Pulmonary tuberculosis and other lung infections can occur as a complication of silica exposure, called silico-tuberculosis. This is because silica is cytotoxic to alveolar macrophages, the main defense against these lung infections. Another complication that can possibly occur is the development of an autoimmune connective tissue disorder such as scleroderma and rheumatoid arthritis. Silica is also listed as a possible lung carcinogen by the International Agency for Research on Cancer.
Diagnosis of silicosis
A chest x-ray is an initial test performed to screen for silicosis. In chronic silicosis, a chest x-ray may show tiny round opacities (nodules), generally in the upper zones of both lungs. Such radiographic findings are found generally 15 to 20 years following exposure. There also may be the appearance of “eggshell-like” calcification of the hilar lymph nodes. In rare cases of acute silicosis, significant miliary infiltration may be observed.
A high-resolution CT chest scan is more sensitive than a chest x-ray to detect and diagnose interstitial fibrosis due to silica exposure. It will also show the extent of fibrosis, from simple silicosis to massive fibrosis. In acute silicosis, the characteristic picture is called “crazy paving”.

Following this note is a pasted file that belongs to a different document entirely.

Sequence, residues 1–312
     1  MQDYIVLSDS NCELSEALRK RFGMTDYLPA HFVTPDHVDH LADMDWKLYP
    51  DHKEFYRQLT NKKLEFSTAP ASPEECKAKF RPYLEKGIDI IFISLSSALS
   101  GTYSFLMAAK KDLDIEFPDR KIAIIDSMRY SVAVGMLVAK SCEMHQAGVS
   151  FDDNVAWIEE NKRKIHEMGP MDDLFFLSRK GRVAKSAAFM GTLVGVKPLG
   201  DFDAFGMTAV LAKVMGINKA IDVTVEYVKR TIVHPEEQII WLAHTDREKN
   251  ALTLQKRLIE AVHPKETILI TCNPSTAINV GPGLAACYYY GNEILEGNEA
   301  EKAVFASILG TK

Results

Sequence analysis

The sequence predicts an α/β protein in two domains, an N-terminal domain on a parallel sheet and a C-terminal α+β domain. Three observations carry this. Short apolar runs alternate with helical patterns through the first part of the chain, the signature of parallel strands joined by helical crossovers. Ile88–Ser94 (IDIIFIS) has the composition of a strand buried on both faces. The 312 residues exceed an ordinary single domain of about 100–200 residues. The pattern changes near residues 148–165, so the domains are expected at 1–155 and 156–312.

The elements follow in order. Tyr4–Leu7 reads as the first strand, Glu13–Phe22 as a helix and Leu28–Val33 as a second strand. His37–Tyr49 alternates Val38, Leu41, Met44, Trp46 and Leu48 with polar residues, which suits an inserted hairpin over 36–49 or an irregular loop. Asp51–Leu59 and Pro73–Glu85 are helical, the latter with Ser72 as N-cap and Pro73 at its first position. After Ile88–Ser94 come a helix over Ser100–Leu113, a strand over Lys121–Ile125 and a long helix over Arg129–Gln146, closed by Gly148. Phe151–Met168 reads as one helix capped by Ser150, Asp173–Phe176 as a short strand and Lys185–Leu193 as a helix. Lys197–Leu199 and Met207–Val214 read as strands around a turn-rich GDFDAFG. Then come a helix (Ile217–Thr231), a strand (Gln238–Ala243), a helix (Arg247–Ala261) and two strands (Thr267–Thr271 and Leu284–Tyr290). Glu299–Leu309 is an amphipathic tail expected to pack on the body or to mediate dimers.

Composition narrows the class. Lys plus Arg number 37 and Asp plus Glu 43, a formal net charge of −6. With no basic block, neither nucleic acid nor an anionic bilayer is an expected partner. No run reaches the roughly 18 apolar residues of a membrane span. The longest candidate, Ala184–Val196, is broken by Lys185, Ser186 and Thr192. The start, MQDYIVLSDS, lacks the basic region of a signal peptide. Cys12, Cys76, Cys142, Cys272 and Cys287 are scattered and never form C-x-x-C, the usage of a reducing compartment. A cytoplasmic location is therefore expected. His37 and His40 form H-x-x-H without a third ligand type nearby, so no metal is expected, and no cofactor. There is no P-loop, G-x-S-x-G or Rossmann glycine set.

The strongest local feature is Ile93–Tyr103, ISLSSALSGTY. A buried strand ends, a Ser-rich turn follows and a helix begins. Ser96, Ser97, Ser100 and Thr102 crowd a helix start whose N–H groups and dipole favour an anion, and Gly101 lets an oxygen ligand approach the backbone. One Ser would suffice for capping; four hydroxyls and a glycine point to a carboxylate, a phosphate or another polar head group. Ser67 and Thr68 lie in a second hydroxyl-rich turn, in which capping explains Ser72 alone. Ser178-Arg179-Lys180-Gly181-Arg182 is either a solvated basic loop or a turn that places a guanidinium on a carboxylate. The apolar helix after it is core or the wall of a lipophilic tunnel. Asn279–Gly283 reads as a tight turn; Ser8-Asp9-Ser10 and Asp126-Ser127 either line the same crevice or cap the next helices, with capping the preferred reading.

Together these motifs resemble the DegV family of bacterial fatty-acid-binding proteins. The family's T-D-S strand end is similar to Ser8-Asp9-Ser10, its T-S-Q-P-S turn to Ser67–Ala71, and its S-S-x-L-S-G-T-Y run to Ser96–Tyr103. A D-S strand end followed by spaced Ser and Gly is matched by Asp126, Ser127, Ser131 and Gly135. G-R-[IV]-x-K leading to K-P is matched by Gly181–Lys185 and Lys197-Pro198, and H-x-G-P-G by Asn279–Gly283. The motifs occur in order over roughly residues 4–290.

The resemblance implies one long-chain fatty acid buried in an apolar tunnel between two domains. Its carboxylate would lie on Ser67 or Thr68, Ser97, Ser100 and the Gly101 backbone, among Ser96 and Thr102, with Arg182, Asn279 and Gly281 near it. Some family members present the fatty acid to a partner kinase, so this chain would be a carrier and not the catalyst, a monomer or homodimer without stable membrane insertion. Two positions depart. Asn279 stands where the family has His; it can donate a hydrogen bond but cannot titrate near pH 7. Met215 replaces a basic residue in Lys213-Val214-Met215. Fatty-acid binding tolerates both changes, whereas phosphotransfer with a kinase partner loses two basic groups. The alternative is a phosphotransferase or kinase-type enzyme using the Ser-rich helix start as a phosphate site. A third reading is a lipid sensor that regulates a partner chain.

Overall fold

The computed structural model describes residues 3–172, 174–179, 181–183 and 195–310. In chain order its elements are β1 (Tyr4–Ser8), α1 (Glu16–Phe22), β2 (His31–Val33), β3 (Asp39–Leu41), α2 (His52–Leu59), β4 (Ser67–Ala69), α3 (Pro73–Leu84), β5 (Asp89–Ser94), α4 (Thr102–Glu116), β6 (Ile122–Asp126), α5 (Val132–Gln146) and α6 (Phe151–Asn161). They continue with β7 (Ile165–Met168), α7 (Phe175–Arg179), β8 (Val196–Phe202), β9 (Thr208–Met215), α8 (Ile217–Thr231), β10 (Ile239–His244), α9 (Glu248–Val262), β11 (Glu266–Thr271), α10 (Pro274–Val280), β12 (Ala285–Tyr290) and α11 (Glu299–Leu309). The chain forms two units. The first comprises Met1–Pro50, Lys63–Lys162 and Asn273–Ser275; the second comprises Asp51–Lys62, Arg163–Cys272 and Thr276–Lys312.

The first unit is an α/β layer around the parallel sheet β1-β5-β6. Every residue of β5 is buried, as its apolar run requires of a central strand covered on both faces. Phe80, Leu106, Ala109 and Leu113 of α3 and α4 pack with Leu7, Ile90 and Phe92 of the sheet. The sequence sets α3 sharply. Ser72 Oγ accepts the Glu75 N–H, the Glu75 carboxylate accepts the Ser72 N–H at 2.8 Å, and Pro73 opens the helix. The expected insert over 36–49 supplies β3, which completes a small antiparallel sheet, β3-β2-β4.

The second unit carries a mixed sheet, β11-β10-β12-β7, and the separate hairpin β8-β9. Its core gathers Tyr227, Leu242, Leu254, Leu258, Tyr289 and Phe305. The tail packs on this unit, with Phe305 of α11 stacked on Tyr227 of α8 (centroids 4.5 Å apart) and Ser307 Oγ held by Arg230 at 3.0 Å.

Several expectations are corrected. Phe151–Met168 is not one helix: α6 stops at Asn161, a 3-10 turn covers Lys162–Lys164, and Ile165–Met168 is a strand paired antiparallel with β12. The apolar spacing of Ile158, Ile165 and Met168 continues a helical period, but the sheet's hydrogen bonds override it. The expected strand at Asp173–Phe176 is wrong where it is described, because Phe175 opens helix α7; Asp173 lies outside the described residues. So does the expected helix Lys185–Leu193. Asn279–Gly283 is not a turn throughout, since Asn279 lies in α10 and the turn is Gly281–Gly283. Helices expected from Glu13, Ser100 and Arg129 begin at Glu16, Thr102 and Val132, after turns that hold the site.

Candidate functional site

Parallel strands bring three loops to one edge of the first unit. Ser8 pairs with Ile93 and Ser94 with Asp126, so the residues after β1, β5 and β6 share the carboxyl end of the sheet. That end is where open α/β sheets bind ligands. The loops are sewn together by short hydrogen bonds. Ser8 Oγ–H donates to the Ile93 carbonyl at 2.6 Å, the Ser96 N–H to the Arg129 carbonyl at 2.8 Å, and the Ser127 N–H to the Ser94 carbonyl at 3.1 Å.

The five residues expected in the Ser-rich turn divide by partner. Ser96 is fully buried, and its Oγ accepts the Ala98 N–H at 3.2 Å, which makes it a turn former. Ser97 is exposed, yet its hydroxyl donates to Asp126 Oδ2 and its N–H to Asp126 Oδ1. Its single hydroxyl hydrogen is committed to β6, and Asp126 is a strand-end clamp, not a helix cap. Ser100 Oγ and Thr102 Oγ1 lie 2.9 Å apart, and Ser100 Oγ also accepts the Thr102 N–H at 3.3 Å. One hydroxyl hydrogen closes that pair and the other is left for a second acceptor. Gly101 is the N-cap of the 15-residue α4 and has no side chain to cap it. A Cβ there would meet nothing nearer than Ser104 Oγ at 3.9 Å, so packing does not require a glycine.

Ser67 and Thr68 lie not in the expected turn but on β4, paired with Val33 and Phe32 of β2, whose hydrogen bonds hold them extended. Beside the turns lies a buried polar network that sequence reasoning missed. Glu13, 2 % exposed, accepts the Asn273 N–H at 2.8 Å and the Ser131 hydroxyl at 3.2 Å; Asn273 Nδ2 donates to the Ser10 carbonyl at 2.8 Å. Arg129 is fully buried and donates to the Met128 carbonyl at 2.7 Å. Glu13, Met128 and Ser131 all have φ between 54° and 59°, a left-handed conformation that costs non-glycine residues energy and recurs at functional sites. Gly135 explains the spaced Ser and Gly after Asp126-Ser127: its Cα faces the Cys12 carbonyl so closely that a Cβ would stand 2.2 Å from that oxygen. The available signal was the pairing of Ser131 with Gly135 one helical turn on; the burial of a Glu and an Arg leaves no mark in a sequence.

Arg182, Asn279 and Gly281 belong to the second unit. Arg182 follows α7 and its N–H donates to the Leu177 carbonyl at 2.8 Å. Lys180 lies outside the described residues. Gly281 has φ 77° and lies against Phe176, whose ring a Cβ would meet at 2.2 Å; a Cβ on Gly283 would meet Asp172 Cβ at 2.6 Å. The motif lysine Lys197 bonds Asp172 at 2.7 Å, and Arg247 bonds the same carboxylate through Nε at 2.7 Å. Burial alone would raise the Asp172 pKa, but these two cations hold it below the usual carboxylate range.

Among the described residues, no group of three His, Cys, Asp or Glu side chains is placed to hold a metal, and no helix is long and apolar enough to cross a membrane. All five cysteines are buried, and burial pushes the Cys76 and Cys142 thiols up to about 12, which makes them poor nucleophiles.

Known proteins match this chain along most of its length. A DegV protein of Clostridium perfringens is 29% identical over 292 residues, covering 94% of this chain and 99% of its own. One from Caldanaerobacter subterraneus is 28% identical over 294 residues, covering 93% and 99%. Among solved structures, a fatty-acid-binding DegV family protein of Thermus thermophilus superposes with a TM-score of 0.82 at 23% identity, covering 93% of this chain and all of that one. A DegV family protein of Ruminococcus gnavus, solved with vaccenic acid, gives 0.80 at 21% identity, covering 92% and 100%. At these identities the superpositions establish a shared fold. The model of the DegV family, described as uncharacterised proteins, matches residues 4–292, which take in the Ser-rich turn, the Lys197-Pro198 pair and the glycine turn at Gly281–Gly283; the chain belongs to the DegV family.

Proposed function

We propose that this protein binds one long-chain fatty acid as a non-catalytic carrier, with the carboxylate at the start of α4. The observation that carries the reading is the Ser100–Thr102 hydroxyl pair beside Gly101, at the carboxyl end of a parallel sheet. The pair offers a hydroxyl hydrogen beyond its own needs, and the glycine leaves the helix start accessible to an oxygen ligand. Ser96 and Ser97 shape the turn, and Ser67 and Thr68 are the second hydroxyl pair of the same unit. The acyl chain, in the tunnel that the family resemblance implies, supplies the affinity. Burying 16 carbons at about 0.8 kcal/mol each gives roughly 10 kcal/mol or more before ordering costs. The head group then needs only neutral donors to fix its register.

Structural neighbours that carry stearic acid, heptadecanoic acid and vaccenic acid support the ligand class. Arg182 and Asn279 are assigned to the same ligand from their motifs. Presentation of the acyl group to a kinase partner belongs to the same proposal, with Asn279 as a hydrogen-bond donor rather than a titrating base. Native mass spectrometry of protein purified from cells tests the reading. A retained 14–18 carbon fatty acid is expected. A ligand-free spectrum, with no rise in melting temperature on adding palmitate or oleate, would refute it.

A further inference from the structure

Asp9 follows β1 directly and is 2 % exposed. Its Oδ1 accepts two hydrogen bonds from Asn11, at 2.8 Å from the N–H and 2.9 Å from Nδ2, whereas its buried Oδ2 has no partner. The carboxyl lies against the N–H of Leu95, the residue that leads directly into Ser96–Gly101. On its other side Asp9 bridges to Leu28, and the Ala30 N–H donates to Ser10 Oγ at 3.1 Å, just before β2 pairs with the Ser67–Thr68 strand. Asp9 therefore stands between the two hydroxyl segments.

Pulmonary function testing
Pulmonary function tests are usually normal in simple silicosis. In some cases, it may reveal a restrictive pattern with reduced forced vital capacity, a normal FEV1 to FVC ratio, reduced vital capacity and reduced diffusing capacity. Usually, patients with silicosis also have obstructive changes due to the effects of exposure to non-specific dusts or smoking.
Differential diagnosis of silicosis
- Asbestosis (history of asbestos exposure)
- Idiopathic pulmonary fibrosis (absence of a history of exposure to metals or mineral dusts)
- Sarcoidosis (multisystem disease of unknown etiology, possibly autoimmune)
- Drug or radiation-induced fibrosis
Therapy of silicosis
Management of silicosis is largely supportive and focuses on the prevention of further progression and complications. Evidently, preventing the patient from further exposure is essential. As individuals with silicosis are at risk of developing tuberculosis, constant surveillance is necessary. If patients are found to be tuberculin positive, then they have a 30-fold increased risk of developing tuberculosis, and, therefore, treatment of latent TB should be instituted.
In cases of acute silicosis, whole-lung lavage may be used, which is intended to physically remove silica particles from the alveoli of the lung.
Progression and prognosis of silicosis
The prognosis of chronic silicosis is generally good. However, if silicosis leads to progressive massive fibrosis, mortality is high, and this complication is more common in sub-acute disease patterns. Acute silicosis is the rarest and aggressive type, commonly resulting in death.